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Vector Vortex

MFreeHand, Fireworks, and Flash a combination that will save you time and money

Macromedia Studio MX includes a number of relatively unheralded gems. Perhaps it's because Macromedia hasn't hyped these features enough, or maybe users spend so much time focusing on a particular tool that they have simply overlooked or ignored how the other pieces of Studio MX actually work with each other. A great example of this is the stepchild of Studio MX: FreeHand MX.

For some odd reason FreeHand has fallen into the role of "always a bridesmaid, never the bride."This started even before Macromedia existed. When PostScript drawing tools hit the graphics industry in 1988, the two heavyweights that fought it out for supremacy were FreeHand from Aldus and Illustrator from Adobe. Those of us who were there had ringside seats to an amazing slugfest between these two products as they attempted to dominate the market by "out-featuring" each other. When Adobe bought Aldus, the war ended and FreeHand, surprisingly, was sold to Macromedia. Illustrator rose to prominence and FreeHand essentially faded from the radar of the graphics community.

With Macromedia's embracing of the Web, FreeHand became even more overlooked because graphic artists and Web developers still thought of it as a print tool. I must confess, I was one of them. It wasn't until FlashForward 2000 when Todd Purgason of Juxt Interactive did a session on the FreeHand/Flash connection that FreeHand crossed my radar again. Two years later, when I was writing my book Building Web Sites with Macromedia Studio MX, I discovered that FreeHand is one serious Web application that, when teamed up with Flash MX 2004 and Fireworks MX 2004, gives Web developers a productivity tool that saves time and money.

The common factor among the three apps is vectors, and I'm going to show you how they integrate.

The first major area of integration is quite common among Flash MX developers. It is symbols. All three applications use them and the symbols produced in FreeHand MX and Fireworks MX 2004 move freely between the applications.

To demonstrate this point I'm going to use a logo. Inevitably, clients hand us a vector version of the logo and we either add it to a series of Web pages as a static branding element or we distort it or animate it in either Flash MX 2004 or Fireworks MX 2004. An issue we confront is that the logo is filled with Pantone colors. Moving a Pantone color from the CMYK color space to the RGB color space is a rather inconsistent process. The fidelity of the "converted" color as compared to the original color is like throwing grenades. The best you can hope to do is to come close. FreeHand, with its print roots, allows you to work with these colors and the conversion, at least from my perspective, is a bit more accurate than that produced by Fireworks MX.

In this illustration using the college's logo, I have been supplied with an Illustrator .eps image filled with Pantone colors (see Image I). In order to prepare it for use in Fireworks MX 2004 or Flash MX 2004, I usually do two things:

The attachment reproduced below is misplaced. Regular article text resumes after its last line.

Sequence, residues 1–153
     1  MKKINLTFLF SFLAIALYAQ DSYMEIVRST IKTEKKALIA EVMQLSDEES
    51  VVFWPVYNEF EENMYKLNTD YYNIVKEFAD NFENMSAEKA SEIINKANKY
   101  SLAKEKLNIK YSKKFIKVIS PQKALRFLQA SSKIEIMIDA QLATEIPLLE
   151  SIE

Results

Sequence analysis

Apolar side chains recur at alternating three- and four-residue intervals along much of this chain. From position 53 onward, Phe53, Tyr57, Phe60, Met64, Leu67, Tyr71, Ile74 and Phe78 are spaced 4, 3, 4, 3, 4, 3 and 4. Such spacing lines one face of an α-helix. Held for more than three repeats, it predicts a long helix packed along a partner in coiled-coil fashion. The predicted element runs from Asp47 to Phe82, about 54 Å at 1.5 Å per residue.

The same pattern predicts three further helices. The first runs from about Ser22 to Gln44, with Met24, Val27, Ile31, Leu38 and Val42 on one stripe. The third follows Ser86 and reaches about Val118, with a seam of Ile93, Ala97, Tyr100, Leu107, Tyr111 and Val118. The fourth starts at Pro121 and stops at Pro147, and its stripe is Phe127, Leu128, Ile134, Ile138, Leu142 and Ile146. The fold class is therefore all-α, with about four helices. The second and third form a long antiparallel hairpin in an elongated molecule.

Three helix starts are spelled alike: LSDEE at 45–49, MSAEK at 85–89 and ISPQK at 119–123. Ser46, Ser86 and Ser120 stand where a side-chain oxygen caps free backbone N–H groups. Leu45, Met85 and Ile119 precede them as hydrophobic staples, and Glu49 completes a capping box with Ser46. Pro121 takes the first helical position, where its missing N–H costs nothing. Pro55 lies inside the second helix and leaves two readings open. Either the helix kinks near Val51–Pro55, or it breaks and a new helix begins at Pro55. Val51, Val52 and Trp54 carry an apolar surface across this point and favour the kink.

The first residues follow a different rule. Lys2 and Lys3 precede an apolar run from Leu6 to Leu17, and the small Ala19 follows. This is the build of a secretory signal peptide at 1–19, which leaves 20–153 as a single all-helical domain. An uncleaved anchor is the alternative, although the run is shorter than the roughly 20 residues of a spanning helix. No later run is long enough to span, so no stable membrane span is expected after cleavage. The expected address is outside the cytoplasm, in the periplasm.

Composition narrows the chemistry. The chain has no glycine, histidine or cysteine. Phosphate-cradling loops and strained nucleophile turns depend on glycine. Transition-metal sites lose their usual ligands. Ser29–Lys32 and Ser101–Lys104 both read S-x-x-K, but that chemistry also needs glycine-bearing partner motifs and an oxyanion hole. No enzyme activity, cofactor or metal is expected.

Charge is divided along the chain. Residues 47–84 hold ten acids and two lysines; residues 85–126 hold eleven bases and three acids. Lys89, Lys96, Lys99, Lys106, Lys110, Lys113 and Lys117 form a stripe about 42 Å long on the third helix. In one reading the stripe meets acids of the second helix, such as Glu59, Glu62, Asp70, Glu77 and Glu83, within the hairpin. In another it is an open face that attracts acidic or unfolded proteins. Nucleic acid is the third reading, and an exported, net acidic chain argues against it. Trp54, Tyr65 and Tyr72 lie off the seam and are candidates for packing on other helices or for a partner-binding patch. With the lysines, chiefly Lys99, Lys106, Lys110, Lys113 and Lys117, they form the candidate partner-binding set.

1. Create a Symbol Library
2. Convert the color from the CMYK color space to the RGB space

Creating the symbol library is not at all difficult. In the case of the logo I determined that I needed only two symbols. The first will be the graphical section of the logo and the second will be the word "HUMBER." I first select the logo and ungroup it - Modify,Ungroup. Ctrl- Shift-G (PC) or Command-Shift-G (Mac). In this way I have the various elements prepared for conversion to FreeHand MX symbols. If the elements to be converted to symbols are already ungrouped, I'll marquee each using the Selection tool and group the selection - Modify, Group. Ctrl-G (PC) or Command-G (Mac).

Converting a selection to a symbol is simple in FreeHand MX. Select the object to be converted and press the F8 key (see Image II). If you open the Library (F11) or click the Library tab on the Assets panel, you will see that the selected object has been converted to a symbol named "Graphic-01." If you double-click the name in the Library you can change the name to something more meaningful such as "LogoGraphic."

 

Unlike Fireworks MX 2004 or Flash MX 2004, selecting a symbol in FreeHand MX does not give you a visual clue - the little arrow in the bottom left corner of the selection - that the object is a symbol. Instead, the item will be selected in the library. Also, in certain instances, the FreeHand MX library will contain a Brushes folder. Feel free to delete it.

Once an object is converted to a symbol, all copiers of that object on the page are called "instances."The neat thing about these is if you edit a symbol, all instances of that symbol on the page reflect the change. To edit a symbol, you double-click the image of the symbol in the preview area of the library. This opens the Symbol Editor. Any changes made will be reflected in the instances.

Converting the Color
Though the Pantone images will be converted to RGB in Fireworks MX 2004 and Flash MX 2004, you can always take the attitude, "Hey, I'm here anyway."

The conversion is done by opening the Swatch panel and double-clicking one of the listed Pantone colors. This will open the FreeHand MX Mixer pane. Click on the RGB button and the RGB values will be shown. Click once on the "Add to Swatches" button beside the color swatch to open the "Add to Swatches" panel. I rarely use the color breaks to name a color. In this instance I would name the color "Humber Gold." Finally, the color is destined for Web use, so selecting either "Spot" or "Process"is immaterial. When you click the Add button, the dialog box disappears. When you click the Swatch tab, the new color appears in the color swatches (see Image III).